A US Navy vessel opens fire during a war games exercise in the South China Sea. Photo: Facebook

While the US Navy ramps up patrols near China’s claimed features in the contested South China Sea, American legislators are upping the ante with proposed sanctions on Chinese entities involved in Beijing’s expansionist militarization of the contested maritime area.

In a rare bipartisan move, US Republican Senators Marco Rubio and Tom Cotton along with Democratic Senator Ben Cardin last week formally re-introduced the South China Sea and East China Sea Sanctions Act, a punitive measure that aims to target Chinese individuals and companies.

The bill’s provocative language, which refers to China’s “illegitimate activities” to “aggressively assert its expansive” claims in the hotly contested sea, is certain to provoke a response from Beijing at a time bilateral tensions are already on a boil. It could also escalate trade tensions if top Chinese companies are targeted with South China Sea-related sanctions.

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Significantly, the sanctions bill takes the legal high ground, saying that the US “opposes actions by the government of any country to interfere in the free use of waters and airspace in the South China Sea or East China Sea” while saying China should stop pursuing “illegitimate claims and to militarize an area that is essential to global security”

It also calls on the US government broadly to “expand freedom of navigation operations and overflights and respond to Chinese provocations with commensurate actions.” Many in the region believe that China is on the verge of declaring an Aerial Defense Identification Zone (ADIZ), a move that would give it de facto control over the sea.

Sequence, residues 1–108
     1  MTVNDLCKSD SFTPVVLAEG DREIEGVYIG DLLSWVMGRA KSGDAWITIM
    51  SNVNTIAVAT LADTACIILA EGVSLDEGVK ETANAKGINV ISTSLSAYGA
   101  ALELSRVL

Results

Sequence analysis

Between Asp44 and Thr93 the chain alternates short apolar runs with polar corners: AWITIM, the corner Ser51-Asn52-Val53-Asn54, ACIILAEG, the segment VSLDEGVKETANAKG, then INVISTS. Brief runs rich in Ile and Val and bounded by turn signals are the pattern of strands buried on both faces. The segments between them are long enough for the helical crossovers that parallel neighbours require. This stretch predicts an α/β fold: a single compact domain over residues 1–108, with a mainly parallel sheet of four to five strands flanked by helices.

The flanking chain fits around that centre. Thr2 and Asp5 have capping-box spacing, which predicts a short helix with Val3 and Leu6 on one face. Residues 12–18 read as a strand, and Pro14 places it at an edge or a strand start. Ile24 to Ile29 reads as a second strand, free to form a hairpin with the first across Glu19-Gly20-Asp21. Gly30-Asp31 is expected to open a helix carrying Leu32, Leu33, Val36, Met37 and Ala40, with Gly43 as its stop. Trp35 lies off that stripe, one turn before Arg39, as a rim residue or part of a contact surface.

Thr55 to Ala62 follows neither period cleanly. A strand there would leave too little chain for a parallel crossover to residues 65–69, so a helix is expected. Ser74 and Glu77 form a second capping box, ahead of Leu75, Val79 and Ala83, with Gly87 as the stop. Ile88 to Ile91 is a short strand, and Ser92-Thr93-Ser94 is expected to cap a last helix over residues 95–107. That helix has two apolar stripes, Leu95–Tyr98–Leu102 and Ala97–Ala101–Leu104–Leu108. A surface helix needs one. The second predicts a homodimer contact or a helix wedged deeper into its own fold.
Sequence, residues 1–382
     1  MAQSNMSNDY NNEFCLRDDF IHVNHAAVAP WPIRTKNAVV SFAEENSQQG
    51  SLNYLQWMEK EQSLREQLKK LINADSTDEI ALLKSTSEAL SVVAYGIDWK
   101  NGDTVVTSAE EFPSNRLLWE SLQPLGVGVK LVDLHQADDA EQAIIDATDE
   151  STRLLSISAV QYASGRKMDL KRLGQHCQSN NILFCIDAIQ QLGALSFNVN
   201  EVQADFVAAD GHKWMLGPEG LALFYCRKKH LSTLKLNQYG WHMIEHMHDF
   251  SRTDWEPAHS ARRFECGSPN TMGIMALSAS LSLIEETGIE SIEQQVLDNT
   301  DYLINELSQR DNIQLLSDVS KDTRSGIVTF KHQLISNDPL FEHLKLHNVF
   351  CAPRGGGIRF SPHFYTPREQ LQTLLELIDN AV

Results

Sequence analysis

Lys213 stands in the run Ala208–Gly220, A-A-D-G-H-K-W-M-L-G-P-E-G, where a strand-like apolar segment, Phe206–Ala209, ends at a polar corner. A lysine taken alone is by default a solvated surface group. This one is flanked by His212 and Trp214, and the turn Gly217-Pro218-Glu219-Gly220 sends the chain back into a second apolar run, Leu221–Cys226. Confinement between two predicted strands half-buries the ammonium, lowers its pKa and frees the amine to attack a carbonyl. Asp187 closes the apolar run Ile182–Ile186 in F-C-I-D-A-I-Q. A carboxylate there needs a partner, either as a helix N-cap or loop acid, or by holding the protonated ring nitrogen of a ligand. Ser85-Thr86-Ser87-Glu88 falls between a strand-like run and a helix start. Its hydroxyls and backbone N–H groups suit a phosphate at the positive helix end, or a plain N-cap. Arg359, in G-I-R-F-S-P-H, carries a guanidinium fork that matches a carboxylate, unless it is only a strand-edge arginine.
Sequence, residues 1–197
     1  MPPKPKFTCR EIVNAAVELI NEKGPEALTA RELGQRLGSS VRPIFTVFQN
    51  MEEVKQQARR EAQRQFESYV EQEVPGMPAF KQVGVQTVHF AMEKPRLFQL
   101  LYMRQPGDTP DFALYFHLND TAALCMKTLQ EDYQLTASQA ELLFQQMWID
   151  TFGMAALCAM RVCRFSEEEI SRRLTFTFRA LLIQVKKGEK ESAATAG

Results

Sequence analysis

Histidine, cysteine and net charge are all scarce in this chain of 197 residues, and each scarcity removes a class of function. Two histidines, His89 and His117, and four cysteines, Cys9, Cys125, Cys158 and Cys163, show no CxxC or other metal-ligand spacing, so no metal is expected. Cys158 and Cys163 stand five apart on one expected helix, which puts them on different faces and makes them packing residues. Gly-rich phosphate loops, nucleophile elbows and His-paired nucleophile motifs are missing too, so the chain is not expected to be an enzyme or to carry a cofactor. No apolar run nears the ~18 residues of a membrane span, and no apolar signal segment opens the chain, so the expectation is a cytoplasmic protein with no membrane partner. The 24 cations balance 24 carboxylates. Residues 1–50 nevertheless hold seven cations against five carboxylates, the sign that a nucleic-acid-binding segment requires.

Navy personnel of Chinese People's Liberation Army (PLA) Navy take part in a military display in the South China Sea April 12, 2018. Picture taken April 12, 2018. Photo: Reuters/Stringer
Navy personnel of the Chinese People’s Liberation Army Navy take part in a military display in the South China Sea, April 12, 2018. Photo: Twitter

The US aims to forestall any move in that direction. Earlier this month, a US Navy guided-missile destroyer deployed near the Scarborough Shoal, a sea feature occupied by China since 2012 but claimed by the Philippines as part of its exclusive economic zone (EEZ).

The freedom of navigation operation came against the backdrop of joint US-Philippine coast guard exercises held earlier this month near the shoal, representing the two sides’ first ever search-and-rescue exercise near the China-controlled feature.

China claims nearly 90% of the South China Sea through its so-called “nine-dash line” map and has consistently maintained that America’s freedom of navigation operations in the area are illegal and a violation of its sovereignty.

China has territorial disputes with the Philippines, Brunei, Malaysia, Taiwan, Vietnam and Indonesia in the highly trafficked waterway.

First mooted in early 2017, the revived sanctions bill “requires the President to impose entry and US-based property sanctions” on “any Chinese person that contributes to construction or development projects” or “engaged in actions or policies that threaten peace and stability” in the South China Sea.

Given China’s holistic approach to the South China Sea disputes, whereby all relevant government and military as well as para-military agencies are involved in pushing its ever-expanding claims, the sanctions could extend beyond state-owned and influenced companies to target the People’s Liberation Army as well as local government units.

Chinese structures are pictured at the disputed Spratlys in the South China Sea. Photo: Reuters/Erik De Castro